Activist investor Dan Loeb’s pressure on Nestle SA to sell its stake in L’Oreal SA could lead to the unwinding of another long-standing investment: L’Oreal’s 10.4 billion-euro ($11.6 billion) holding in French drugmaker Sanofi.
Activist investor Dan Loeb’s pressure on Nestle SA to sell its stake in L’Oreal SA could lead to the unwinding of another long-standing investment: L’Oreal’s 10.4 billion-euro ($11.6 billion) holding in French drugmaker Sanofi. L’Oreal owns about 9.4 percent of Sanofi, and speculation has swirled for years that the Paris-based cosmetics company would sell the stock to help pay for a repurchase of Nestle’s L’Oreal shares. The pharmaceutical company’s stock has returned 13 percent a year over the past five years, including dividends, though the shares are down about 12 percent from a record of 100.65 euros set in 2015.
Should the sales by Nestle and L’Oreal come to pass, they would be testament to the growing power of activist investors in Europe: The region’s big companies may succumb to market pressure and unwind decisions made decades ago for political or strategic reasons. A spokeswoman for Paris-based L’Oreal declined to comment Monday on a potential sale by Nestle and the possibility of L’Oreal divesting its Sanofi holding. A spokesman for France’s largest drugmaker also declined to comment.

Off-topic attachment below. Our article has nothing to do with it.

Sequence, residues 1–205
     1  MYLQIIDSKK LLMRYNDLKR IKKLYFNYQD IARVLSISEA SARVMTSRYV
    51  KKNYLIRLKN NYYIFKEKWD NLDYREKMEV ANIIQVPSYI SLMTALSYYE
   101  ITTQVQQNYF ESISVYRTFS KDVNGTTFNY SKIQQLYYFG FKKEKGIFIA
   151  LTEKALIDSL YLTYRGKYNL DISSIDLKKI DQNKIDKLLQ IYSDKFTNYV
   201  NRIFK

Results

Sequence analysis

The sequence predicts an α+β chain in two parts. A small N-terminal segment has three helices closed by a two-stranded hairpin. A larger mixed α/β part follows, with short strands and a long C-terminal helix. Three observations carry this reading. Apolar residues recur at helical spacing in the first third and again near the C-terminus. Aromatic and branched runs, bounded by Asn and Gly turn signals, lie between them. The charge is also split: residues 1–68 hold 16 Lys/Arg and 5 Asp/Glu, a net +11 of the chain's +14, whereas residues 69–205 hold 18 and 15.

Nestle took a stake in L’Oreal 43 years ago, at a time when the cosmetics maker feared nationalization. Then-CEO Francois Dalle cut the deal with Nestle as the French Socialist party called for a government takeover of the nation’s leading companies. L’Oreal, meanwhile, took control of a French drugmaker named Synthelabo back in 1973. Synthelabo combined with Sanofi in 1999, leaving L’Oreal as a key shareholder.
Analysts and investors have prodded Nestle for years to sell the L’Oreal shares, saying it didn’t make strategic or financial sense to hold on to the stock.
Nestle took a first step towards appeasing investors in 2014, when it sold 48.5 million L’Oreal shares back to the company. L’Oreal didn’t need to sell any of its Sanofi stock to pay for that buyback, and Chief Executive Officer Jean-Paul Agon said at the time the company was “very happy” as a Sanofi shareholder.
Third Point, Loeb’s hedge fund, said late Sunday it has amassed a $3.5 billion stake in Nestle and is pushing the company to sell its 24.4-billion-euro holding in L’Oreal. A representative for Nestle was unable to immediately comment.
Nestle has an agreement with L’Oreal’s biggest shareholder, the family of Liliane Bettencourt, that sets rules on what Nestle can do with the stake, but some of those provisions expired in 2014. Nestle no longer needs to offer the shares to the Bettencourt family if it decides to sell them. Bettencourt, 94, is the daughter of L’Oreal’s founder and the world’s wealthiest woman.